The long & winding road…to sainthood!

VATICAN CITY — Have you ever wondered what it takes to become a saint?

Pope Francis gave us a thorough list of the secrets to holiness on the Feast of All Saints last year.

“Saints aren’t superheroes nor were they born perfect,” he said. It’s just that “when they experienced the life-changing encounter with God,” they never left his side.

But what about “the bureaucratic” aspect of saint-making? What needs to happen to declare someone a blessed, a martyr or a saint?

Well, we drew up a handy, super simplified flowchart to walk you through the sainthood process.

Click here or on the image below to get a large-screen view.

 

sainthood flowchart

Remembering murdered Jesuit confrere, pope appeals for peace in Syria

UPDATE: Full story on the pope’s remarks and more.

VATICAN CITY — Here is our translation of Pope Francis’ remarks today about the murder of Jesuit Father Frans van der Lugt and the continuing war in Syria:

Monday in Homs, Syria, Father Frans van der Lugt, my 75-year-old Dutch Jesuit confrere, was assassinated. He arrived in Syria about 50 years ago and always did his best for everyone with graciousness and love, and so was loved and held in esteem by Christians and Muslims.

Father Frans van der Lugt (CNS/Reuters)

Father Frans van der Lugt (CNS/Reuters)

His brutal murder filled me with with deep sadness and made me think again of all the people who suffer and are dying in that martyred country, already too long a victim of a bloody conflict that continues to sow death and destruction. I also remember the numerous people who have been kidnapped — Christians and Muslims, Syrians and people from other countries, among whom there are bishops and priests. We ask the Lord to grant that they may quickly return to their loved ones and families and communities.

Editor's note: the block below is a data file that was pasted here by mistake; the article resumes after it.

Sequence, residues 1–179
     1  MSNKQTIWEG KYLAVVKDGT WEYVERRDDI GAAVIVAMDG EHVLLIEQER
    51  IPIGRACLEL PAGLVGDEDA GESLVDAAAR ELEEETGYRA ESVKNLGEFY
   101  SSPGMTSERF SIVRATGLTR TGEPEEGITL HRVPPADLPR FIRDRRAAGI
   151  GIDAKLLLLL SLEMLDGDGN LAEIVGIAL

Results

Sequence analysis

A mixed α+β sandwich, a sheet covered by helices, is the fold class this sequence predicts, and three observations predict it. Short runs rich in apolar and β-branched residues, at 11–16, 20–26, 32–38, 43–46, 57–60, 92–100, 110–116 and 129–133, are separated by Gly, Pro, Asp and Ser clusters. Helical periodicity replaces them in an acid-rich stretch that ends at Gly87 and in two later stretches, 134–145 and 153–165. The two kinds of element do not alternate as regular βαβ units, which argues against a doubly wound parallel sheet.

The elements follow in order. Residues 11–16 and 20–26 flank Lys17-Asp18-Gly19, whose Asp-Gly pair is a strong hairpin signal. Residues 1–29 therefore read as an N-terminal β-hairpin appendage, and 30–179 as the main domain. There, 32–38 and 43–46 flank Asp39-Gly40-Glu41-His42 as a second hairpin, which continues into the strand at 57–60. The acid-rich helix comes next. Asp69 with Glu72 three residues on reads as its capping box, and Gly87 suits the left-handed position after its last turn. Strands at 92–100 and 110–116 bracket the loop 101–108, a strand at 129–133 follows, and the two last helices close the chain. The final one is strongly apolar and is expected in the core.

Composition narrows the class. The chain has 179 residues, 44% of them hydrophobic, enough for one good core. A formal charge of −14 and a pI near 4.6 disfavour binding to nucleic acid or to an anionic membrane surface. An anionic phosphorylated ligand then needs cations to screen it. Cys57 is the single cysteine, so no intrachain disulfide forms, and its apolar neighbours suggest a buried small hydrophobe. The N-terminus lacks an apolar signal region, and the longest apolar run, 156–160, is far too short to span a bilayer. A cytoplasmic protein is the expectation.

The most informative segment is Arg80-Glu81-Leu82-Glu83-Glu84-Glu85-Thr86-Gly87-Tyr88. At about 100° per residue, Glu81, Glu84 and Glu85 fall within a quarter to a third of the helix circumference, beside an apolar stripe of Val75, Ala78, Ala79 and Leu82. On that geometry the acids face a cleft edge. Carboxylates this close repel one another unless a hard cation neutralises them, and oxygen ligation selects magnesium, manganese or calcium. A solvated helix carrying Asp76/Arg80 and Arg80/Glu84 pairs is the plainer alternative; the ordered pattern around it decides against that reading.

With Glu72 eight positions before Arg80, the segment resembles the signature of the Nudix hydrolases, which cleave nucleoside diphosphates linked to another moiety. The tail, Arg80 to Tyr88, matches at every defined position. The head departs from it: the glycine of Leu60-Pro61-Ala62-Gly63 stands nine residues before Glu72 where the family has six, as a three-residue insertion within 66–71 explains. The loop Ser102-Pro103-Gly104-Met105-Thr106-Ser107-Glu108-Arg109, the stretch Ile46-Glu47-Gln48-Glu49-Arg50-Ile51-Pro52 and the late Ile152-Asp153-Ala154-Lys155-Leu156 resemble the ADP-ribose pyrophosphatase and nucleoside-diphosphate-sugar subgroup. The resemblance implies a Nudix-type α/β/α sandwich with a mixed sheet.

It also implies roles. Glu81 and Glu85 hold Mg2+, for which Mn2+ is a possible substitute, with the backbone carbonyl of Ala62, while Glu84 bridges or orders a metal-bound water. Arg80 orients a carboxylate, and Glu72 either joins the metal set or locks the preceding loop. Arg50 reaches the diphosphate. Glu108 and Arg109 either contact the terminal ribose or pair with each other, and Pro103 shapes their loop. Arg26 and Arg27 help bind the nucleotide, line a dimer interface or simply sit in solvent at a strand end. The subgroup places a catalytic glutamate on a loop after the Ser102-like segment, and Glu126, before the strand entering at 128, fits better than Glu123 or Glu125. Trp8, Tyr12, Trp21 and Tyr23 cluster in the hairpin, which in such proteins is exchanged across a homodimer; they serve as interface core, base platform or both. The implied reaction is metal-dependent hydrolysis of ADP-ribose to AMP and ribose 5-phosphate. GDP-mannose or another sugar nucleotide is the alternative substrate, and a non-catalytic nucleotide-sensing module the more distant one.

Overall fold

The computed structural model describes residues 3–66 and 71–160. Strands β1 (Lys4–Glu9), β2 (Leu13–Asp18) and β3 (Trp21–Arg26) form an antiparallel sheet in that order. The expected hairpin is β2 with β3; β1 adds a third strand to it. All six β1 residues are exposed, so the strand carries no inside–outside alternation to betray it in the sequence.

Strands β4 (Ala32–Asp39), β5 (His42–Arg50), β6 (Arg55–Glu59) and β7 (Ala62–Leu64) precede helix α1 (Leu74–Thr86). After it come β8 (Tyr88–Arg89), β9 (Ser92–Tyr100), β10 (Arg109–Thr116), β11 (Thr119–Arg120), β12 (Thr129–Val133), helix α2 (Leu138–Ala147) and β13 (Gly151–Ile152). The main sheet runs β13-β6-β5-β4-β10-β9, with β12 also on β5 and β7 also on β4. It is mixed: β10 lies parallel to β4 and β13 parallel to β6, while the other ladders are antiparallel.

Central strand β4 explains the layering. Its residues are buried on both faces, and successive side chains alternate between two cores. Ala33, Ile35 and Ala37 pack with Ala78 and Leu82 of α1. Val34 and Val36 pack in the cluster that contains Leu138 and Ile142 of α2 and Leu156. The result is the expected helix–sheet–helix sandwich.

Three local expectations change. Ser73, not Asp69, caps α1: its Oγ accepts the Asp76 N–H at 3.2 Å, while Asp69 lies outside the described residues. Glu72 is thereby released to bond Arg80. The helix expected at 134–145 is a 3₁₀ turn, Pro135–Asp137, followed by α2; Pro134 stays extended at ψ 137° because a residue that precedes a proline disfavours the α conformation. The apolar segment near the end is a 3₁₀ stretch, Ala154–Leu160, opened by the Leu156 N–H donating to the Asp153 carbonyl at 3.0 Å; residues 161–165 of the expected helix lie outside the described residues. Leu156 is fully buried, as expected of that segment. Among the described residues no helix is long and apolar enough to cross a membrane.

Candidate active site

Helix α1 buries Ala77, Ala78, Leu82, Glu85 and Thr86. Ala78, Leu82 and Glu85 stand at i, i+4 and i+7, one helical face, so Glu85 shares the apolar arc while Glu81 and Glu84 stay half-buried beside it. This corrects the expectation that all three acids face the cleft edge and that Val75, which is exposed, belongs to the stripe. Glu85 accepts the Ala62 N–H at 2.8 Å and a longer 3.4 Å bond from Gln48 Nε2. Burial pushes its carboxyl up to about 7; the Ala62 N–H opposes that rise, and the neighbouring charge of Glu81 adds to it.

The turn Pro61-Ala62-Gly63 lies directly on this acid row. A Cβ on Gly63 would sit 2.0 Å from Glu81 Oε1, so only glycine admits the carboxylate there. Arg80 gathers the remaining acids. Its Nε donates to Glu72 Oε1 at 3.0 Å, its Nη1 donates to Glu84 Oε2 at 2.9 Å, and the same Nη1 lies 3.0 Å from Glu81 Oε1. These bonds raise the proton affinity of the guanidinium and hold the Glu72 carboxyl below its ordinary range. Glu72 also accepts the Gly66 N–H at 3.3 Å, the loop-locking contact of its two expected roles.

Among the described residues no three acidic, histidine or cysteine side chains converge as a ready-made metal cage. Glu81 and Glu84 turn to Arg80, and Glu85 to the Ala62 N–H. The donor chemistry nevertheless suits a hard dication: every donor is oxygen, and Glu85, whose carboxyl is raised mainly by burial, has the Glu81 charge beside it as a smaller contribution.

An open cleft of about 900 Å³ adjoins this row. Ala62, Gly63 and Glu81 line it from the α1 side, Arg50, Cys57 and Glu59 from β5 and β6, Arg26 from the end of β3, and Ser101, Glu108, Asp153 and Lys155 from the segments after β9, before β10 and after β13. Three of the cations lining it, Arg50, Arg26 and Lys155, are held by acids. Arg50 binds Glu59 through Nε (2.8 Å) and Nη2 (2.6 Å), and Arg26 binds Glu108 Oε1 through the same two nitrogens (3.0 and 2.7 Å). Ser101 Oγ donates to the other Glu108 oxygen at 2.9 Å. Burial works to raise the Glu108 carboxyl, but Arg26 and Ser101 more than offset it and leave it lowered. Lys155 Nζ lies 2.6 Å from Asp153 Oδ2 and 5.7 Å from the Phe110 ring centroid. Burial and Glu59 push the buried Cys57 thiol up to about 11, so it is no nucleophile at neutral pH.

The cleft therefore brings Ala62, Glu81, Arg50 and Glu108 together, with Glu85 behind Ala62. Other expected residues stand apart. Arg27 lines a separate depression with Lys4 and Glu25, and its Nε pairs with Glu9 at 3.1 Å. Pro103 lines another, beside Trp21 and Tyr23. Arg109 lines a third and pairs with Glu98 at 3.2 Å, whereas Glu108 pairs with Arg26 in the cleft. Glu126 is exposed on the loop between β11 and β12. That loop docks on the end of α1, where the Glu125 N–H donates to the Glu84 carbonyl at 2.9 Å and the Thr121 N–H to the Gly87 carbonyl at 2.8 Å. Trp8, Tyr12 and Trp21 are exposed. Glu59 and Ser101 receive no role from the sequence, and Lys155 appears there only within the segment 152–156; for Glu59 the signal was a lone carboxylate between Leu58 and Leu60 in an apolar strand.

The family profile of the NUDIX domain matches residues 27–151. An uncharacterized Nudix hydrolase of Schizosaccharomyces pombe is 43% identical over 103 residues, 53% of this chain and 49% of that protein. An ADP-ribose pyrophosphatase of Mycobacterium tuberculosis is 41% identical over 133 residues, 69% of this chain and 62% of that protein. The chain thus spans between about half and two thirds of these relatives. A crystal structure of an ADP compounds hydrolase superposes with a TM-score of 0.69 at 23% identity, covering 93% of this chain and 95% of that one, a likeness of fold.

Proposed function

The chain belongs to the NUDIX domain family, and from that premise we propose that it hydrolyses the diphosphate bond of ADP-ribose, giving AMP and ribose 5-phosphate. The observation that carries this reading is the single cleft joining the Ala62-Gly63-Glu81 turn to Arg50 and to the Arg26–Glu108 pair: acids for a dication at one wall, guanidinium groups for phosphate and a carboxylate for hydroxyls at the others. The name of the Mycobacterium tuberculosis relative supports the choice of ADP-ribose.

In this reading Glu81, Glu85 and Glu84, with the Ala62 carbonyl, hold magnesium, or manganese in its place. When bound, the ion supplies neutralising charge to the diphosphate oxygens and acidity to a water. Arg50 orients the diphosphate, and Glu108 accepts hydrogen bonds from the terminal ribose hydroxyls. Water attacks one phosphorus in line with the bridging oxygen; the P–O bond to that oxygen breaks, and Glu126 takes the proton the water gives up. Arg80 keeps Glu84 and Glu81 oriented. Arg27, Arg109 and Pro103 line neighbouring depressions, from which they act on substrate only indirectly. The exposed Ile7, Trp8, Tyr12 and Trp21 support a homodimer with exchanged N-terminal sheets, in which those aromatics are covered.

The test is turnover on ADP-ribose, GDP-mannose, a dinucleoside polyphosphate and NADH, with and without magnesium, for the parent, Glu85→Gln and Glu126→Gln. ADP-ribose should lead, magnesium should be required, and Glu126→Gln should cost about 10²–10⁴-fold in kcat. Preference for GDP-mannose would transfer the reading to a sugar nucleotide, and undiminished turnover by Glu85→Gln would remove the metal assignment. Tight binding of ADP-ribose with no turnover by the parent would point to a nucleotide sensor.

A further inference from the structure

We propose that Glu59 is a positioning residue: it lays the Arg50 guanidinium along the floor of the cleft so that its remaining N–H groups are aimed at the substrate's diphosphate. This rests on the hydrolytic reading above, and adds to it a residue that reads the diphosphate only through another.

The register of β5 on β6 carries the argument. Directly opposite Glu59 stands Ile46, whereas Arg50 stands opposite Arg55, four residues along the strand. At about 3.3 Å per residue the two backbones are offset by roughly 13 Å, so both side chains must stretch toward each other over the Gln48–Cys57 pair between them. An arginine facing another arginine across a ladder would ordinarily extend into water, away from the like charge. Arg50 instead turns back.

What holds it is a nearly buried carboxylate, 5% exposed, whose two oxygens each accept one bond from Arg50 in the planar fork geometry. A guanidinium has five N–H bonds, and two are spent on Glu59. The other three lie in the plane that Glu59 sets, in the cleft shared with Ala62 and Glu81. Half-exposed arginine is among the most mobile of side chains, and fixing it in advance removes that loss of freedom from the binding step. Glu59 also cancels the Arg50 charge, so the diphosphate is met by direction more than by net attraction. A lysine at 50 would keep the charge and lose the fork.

From my heart, I ask you all to join my prayer for peace in Syria and in the region, and I launch a heartfelt appeal to Syrian leaders and to the international community: Silence the weapons! Put an end to the violence! No more war! No more destruction! May there be respect for humanitarian law, care for the people who need humanitarian assistance and may the desired peace be reached through dialogue and reconciliation.”

Papa’s got a brand new bag

VATICAN CITY — Parishioners in Rome gave Pope Francis a brand new black bag in the hopes that it would hold up for many years of traveling and serving as the successor of St. Peter.

black-bag

An unidentified parishioner at the church of St. Gregory the Great presents Pope Francis April 6 with a new leather bag, similar to the one he already uses for trips outside the Vatican. (CNS photo/Paul Haring)

“We hope that you have a long and fruitful pontificate, therefore, we thought that the bag you have may not be enough,” Father Renzo Chiesa told the pope.

The pope got the gift when he went to hear confessions and celebrate Mass at the church of St. Gregory the Great in the outskirts of Rome this Sunday.